When I received the call from my publisher telling me to prepare for an incoming Lance trailer, I thought there was a mistake. A Lance camper, certainly, but a trailer? For more than 40 years, Lancaster, California-based Lance has manufactured its popular line of slide-in campers. Innovative styling, top-quality construction and spacious floorplans have always been mainstays from Lance, but we haven’t seen a new Lance that features wheels and an A-frame for years. Until now.
The Lance 1880 trailer weighs in at a svelte 3,800 pounds wet, which makes it towable by a wide range of pickups and SUVs, including Honda’s redesigned Pilot 4WD Touring Edition SUV.
After the once-unlikely combo was hitched up and ready to go, we set off to put the vehicles through the paces.
On the road, the Lance tracked like a dream. Lane changes, quick stops and low-speed campsite maneuvering were all non-eventful, which is a testament to the Lance and the Pilot. We did receive some curious glances from RVers who, at the last minute, realized they were passing a Lance trailer. We even got a thumbs up from a man with a Lance camper lashed to his pickup.
While on the road, the interior of the Pilot offered plenty of comfort and a surplus of space for our three-person test family. Thoughtful features like a drop-down screen for backseat DVD viewing, XM Satellite Radio and a voice-activated GPS system made the trip to the campsite an absolute joy.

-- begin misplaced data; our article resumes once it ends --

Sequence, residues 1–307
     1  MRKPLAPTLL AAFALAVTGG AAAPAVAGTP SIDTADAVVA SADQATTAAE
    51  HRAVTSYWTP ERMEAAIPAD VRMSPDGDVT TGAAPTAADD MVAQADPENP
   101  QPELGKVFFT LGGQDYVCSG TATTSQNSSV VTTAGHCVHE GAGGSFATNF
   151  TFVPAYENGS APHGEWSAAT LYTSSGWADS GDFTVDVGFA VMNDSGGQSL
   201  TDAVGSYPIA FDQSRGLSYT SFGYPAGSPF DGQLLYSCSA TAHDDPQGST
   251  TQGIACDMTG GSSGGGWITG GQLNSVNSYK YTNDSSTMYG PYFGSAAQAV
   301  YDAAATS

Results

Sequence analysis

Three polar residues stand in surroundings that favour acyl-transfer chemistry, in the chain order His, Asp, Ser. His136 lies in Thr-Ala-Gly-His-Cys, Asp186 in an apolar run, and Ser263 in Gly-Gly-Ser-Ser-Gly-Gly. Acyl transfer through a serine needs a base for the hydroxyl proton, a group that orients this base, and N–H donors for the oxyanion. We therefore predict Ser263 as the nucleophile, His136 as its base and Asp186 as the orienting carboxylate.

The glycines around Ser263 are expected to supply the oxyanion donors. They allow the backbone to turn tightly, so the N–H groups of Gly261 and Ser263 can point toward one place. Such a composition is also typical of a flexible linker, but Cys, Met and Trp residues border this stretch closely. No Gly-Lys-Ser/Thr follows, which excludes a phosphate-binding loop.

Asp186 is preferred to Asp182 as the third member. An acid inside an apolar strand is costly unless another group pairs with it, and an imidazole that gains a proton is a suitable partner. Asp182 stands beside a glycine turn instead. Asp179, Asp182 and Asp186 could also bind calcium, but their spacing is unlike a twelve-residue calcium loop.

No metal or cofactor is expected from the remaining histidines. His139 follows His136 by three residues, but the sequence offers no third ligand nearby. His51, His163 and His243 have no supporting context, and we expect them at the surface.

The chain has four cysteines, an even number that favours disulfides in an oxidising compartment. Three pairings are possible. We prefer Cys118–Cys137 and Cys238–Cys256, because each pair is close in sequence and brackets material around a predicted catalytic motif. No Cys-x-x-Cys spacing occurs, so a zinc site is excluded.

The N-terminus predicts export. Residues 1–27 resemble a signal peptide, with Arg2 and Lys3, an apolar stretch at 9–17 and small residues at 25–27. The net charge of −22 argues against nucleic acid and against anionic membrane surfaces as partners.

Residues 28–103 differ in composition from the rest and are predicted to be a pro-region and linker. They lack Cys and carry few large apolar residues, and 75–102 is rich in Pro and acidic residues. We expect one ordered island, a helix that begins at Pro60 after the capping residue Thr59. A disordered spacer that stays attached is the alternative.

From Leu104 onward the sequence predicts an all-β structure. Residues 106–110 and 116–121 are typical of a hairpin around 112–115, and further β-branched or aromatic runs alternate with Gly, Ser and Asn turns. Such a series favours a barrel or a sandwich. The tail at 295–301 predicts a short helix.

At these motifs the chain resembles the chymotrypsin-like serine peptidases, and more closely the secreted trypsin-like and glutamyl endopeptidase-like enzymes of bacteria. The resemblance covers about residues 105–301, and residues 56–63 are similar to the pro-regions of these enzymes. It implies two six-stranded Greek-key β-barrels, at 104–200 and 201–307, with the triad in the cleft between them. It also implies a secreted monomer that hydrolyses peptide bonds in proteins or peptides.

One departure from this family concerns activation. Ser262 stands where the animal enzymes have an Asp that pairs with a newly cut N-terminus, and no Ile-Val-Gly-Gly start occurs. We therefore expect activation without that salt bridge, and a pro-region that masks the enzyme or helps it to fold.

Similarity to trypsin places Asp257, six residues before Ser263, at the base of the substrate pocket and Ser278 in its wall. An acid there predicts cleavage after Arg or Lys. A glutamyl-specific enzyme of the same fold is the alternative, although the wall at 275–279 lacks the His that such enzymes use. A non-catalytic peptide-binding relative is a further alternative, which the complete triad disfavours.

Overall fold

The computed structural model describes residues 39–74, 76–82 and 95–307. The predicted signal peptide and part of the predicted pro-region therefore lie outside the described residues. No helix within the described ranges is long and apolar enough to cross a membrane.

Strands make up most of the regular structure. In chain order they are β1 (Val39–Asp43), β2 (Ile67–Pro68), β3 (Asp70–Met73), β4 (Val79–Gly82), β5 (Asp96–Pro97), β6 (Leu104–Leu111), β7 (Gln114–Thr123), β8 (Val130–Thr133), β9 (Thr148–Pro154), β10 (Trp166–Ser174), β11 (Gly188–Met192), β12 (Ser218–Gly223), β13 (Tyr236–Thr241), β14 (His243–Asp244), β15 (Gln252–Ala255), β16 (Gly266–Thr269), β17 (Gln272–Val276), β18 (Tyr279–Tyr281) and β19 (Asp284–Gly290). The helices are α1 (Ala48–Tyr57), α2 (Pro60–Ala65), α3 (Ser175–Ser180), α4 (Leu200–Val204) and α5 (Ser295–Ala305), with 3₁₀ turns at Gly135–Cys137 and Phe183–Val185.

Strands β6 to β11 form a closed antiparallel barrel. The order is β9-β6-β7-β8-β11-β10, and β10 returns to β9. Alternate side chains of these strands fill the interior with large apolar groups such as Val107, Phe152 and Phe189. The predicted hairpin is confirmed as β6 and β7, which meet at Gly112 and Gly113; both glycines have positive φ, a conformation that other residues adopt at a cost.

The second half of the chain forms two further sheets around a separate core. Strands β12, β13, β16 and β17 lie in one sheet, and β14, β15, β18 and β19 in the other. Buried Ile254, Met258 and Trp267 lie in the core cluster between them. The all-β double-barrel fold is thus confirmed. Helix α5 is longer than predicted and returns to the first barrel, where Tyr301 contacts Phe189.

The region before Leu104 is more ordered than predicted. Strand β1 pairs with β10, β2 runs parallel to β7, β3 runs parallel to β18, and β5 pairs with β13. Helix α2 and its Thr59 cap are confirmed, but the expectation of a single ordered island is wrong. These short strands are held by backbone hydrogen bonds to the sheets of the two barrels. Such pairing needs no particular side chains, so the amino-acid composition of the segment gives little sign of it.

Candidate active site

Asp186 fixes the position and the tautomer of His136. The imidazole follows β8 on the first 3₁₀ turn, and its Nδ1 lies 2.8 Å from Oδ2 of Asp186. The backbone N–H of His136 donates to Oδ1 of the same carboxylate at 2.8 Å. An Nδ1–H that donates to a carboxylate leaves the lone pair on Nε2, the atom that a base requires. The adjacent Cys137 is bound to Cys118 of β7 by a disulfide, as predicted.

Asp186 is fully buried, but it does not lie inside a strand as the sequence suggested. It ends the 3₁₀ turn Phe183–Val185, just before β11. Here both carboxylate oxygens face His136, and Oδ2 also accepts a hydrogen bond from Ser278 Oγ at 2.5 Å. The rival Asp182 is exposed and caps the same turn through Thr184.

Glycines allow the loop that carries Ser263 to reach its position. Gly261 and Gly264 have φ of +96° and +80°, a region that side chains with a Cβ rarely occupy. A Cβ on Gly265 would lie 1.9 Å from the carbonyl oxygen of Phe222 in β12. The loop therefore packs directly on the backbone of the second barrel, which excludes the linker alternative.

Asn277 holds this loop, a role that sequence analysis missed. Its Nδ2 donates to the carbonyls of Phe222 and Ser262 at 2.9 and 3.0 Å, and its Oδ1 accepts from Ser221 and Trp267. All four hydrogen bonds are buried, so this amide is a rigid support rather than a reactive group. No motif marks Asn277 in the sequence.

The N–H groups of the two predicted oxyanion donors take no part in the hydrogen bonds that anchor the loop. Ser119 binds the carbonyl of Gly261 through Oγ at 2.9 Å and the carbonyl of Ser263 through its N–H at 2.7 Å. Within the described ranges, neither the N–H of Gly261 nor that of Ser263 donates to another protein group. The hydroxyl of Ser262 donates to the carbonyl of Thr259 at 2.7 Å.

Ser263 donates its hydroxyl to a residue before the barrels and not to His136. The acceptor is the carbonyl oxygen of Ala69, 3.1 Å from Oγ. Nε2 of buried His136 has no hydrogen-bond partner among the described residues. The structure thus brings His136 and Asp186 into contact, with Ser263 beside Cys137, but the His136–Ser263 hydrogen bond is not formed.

The 3.5-liter V-6 in the Pilot was never taxed by the Lance, and the Variable Cylinder Management System lead to decent fuel-economy numbers while towing. The front strut/rear multilink suspension meant body roll on the Honda was virtually nonexistent. Smooth braking via ABS was apparent both while solo and towing.
Once in camp, it was time to test the mettle of the Lance in real-world circumstances.
When a longtime manufacturer debuts something completely new like the Lance 1880, it is virtually impossible not to compare the new product to the old. And, the new Lance trailer compares quite favorably to the long line of Lance campers.
Stepping into the trailer, the familiar feeling of being in a Lance becomes immediately apparent. The cabinetry in the 1880 is very much like that in a Lance camper; it’s well-made, with no seams or gimp to be found. The handcrafted cabinets are screwed together and into the frame; there’s no glue or staples used to cut corners – something on which Lance prides itself.
The front of the trailer features a convertible jackknife sofa for overnight guests, and above it is a grated shelving unit that’s ideal for hanging jackets and the like while in camp or on the road. To the right of the sofa are a spacious wardrobe and large, enclosed storage area.
This area of the trailer is a bit dark, but subsequent floorplans should feature an additional Fan-Tastic vent to let a little more light in – and to offer an alternative to the optional air conditioner on moderate-weather days.
Mealtime can get a little tight, but that’s certainly to be expected in a trailer this size. The functional galley features a three-burner stove, dual-basin sink and optional microwave, in addition to a 6-cu-ft refrigerator. A small section of counterspace is devoted to meal prep, but it offered plenty of space for some traditional (hot dogs) and not-so-traditional (turkey tacos) camping fare.